By contrast, the 34th Record focuses on the city of Chichibu, a place which has traditionally depended on silkworms and limestone as economic staples, with quiet backstreets and parks. This is in stark contrast with his early work recording the violence and drama of road traffic accidents in the metropolis, yet maintains the same purity of vision.
Moriyama has broadened his image making to northern Europe, southern France, Florence, London, Barcelona, Taipei, Hong Kong, New York and Los Angeles.
In fact, Record ends in Afghanistan.
Moriyama is famous for his gritty, grainy high contrast black and white imagery, often picking up and refining the Are Bure Boke style of Provoke.
Yet he has increasingly shot in colour, and Record is one of the better selections of this side of his art.
Moriyama is quoted as saying
“When I go out into the city I have no plan. I walk down one street, and when I am drawn to turn the corner into another, I do
I am like a dog: I decide where to go by the smell of things, and when I am tired, I stop”.
One of the last images in the book was taken in Morroco, where Moriyama’s iconic image of the Stray Dog was hanging on the wall.
Record should be on your Christmas present list 🙂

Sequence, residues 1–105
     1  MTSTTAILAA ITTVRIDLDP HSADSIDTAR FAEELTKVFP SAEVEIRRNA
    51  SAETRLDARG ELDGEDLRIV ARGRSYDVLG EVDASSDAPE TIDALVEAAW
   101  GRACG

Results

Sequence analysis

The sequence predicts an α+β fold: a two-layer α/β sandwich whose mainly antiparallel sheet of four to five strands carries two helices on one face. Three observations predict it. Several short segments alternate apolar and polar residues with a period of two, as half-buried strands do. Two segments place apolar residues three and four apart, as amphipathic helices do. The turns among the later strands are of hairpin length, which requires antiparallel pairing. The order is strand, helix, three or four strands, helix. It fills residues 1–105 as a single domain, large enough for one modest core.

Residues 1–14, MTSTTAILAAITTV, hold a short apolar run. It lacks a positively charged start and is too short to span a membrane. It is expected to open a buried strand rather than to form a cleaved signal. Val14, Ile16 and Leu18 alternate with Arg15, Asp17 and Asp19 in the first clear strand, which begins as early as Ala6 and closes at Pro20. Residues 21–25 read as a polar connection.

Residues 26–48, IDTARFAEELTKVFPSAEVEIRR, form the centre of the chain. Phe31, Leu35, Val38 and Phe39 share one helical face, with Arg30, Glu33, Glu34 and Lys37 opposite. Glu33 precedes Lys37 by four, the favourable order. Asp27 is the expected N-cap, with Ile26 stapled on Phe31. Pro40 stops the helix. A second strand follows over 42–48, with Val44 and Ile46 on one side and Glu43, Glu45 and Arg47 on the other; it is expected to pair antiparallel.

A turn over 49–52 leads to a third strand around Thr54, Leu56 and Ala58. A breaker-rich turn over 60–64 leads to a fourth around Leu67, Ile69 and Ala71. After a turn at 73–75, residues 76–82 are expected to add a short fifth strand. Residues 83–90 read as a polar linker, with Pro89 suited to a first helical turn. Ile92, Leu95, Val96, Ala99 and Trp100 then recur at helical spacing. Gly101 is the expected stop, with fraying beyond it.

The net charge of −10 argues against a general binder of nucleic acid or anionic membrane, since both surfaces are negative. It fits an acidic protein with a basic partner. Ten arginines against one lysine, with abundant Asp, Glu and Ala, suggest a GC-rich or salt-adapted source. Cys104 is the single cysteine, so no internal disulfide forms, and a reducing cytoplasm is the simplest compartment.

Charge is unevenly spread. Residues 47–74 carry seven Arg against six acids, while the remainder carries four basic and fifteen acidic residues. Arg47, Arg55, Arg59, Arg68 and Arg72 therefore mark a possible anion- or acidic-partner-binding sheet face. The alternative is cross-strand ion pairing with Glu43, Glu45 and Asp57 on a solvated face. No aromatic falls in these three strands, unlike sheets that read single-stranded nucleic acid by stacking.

DUFOUR Diane & WITOVSKY, Matthew S. 2017. Provoke: Between Protest and Performance. Göttingen: Steidl.
FUKASE, Masahisa. 2017 Edition. Ravens. London: Mack Books.
KEROUAC, Jack. 2000 Edition. On The Road. London: Penguin Classics.
KLEIN, William. 1995 Edition. New York. London: Dewi Lewis Publishing.
MORIYAMA, Daido. 1972. Farewell Photography. 2019 Edition. Limited edition 551 / 1000. Tokyo: Bookshop M, Getsuyosha.
MORIYAMA, Daido. 2009. 1965 – 1970 Magazine Work. Tokyo: Getsuyosha.
MORIYAMA, Daido. 2010. The World Through My Eyes. Milan: Skira.
MORIYAMA, Daido. 2010. Memories of a Dog. Arizona: Nazraeli Press.
MORIYAMA, Daido. 2016. Daido Tokyo. New York: Thames & Hudson.
MORIYAMA, Daido. 2016. Record 32: Kobe. Tokyo: Akio Nagasawa.
MORIYAMA, Daido. 2017. Record. London: Thames & Hudson.
MORIYAMA, Daido. 2021. Orizuru. Tokyo: Akio Nagasawa.
MORIYAMA, Daido & NAKAMATO, Takeshi. 2010. How I Take Photographs. 2019 Edition. London: Laurence King.
Tate. 2012. Daido Moriyama – In Pictures. https://www.youtube.com/watch?v=foWAs3V_lkg. (Accessed 2/12/2018).
WESTERBECK, Colin & MEYEROWITZ, Joel. 2017. Bystander. London: Laurence King Publishing.